— Heidi Przybyla

Republican presidential nominee Donald Trump looks on during the Presidential Debate at Hofstra University on September 26, 2016 in Hempstead, New York.
Republican presidential nominee Donald Trump looks on during the Presidential Debate at Hofstra University on September 26, 2016 in Hempstead, New York.


Trump is asked to explain why he kept pressing questions about President Obama’s birth place, even after the president in 2011 produced his birth certificate proving he was born in Hawaii.

Trump made no apologies. He cited the news organization McClatchy, which sent a reporter to Kenya to investigate the issue and claimed credit for getting Obama to release his birth certificate. “I was the one who got him to produce the birth certificate and I think I did a good job,” he said.

The moderator asked Trump what he has to say to African Americans on the issue. “I say nothing,” he said, insisting he’s developed really good relations with the community.

Clinton responded: “Just listen to what you heard.” She said Trump’s campaign was founded “on a racist lie” and cited a 1973 Justice Department lawsuit brought against Trump for housing discrimination. “He has a long record of engaging in racist behavior,” she said.

— Heidi Przybyla

Racial healing

Both candidates are asked how to improve race relations.

Clinton emphasized restoring trust between communities and police, reforming police practices and taking guns away from people who shouldn’t have them. She said the police should be prepared to use force only when necessary.

“Everyone should be respected by the law and everyone should respect the law,” Clinton said. “Right now that’s not the case in a lot of our neighborhoods." She also cited many “good police officers who equally want reform” and said we have to get guns out of the hands of people who “should not have them."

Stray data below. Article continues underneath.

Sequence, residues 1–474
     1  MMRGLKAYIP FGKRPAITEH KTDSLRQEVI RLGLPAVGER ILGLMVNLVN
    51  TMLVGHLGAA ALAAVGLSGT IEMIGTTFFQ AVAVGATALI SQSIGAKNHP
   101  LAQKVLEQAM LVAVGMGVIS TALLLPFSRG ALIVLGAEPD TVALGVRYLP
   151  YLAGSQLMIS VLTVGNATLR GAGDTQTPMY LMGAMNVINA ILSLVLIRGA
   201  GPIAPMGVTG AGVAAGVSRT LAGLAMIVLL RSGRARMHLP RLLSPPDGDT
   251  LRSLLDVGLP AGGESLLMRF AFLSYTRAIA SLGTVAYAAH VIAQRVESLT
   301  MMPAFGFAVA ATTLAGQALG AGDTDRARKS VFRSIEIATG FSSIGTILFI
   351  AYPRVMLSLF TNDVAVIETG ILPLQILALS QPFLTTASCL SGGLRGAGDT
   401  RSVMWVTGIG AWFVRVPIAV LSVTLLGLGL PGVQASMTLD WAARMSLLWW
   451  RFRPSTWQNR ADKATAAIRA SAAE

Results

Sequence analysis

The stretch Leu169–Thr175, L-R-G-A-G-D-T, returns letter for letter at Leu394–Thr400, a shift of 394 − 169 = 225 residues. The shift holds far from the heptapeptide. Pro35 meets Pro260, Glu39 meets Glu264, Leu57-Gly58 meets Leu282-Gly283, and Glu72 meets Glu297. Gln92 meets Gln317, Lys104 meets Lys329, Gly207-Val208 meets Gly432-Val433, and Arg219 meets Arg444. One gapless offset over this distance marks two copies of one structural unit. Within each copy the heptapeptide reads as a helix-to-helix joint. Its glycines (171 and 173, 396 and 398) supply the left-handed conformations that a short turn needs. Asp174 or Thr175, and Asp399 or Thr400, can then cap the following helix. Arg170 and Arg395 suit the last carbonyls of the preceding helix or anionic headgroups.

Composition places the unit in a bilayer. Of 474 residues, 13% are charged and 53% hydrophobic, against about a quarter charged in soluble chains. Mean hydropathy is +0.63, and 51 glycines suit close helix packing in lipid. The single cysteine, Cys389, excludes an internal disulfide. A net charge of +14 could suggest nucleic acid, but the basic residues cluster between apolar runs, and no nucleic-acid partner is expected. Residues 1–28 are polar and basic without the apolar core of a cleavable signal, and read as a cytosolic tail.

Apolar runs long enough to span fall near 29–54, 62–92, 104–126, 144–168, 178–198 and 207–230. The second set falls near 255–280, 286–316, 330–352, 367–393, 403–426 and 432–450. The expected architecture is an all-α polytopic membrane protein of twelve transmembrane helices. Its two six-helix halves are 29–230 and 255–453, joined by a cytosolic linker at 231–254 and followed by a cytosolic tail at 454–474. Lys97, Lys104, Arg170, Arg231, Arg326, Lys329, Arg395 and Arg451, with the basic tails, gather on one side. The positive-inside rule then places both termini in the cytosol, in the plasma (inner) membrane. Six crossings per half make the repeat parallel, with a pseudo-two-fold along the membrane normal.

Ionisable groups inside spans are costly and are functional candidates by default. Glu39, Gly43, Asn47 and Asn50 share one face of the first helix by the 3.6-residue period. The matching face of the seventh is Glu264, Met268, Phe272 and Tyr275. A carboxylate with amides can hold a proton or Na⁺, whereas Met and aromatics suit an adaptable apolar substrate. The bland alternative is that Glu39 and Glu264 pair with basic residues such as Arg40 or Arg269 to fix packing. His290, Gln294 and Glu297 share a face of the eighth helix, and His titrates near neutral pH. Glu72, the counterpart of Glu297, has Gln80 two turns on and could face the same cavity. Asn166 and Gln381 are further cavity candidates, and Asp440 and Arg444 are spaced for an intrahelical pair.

Trump said Clinton won’t use the words “law and order,” which is “what we need in our country.” African Americans and Hispanics “are living in hell” in certain communities, he said. He also reiterated the need to “take the guns away” from “bad people.”

When Clinton said it’s unfortunate that Trump paints such a “dire picture” of these communities, he audibly sighed. Clinton cited statistics that African Americans are more likely to be arrested, charged and put in jail for the same offenses as white Americans. “We cannot just say law and order. We have to come up with a plan,” including ending mandatory minimum sentences and private prisons. She also cited “common sense gun safety provisions” and preventing people on the terror watch list from buying guns.

Trump said he agrees with Clinton that individuals on the terror watch list should be barred from possessing firearms: “I tend to agree with that quite strongly,” he said. He cited her prior use of the words “super predator” in describing African-American youths and said these communities are “very upset” with politicians.

— Heidi Przybyla

Facebook: Top moment in first half is …

That honor belongs to Trump, according to the social media site, which is tracking shares, likes and posts, when he said this:

“She tells you how to fight ISIS on her website. I don't think Gen. Douglas MacArthur would like that too much.”

— Donovan Slack

Democratic presidential nominee Hillary Clinton looks on during the Presidential Debate at Hofstra University on September 26, 2016 in Hempstead, New York.
Democratic presidential nominee Hillary Clinton looks on during the Presidential Debate at Hofstra University on September 26, 2016 in Hempstead, New York.

To pay or not to pay

Clinton turns the attention to Trump’s business record, citing the average Americans and contractors whom he’s “stiffed” over the years and asking why he refused to pay them for their work.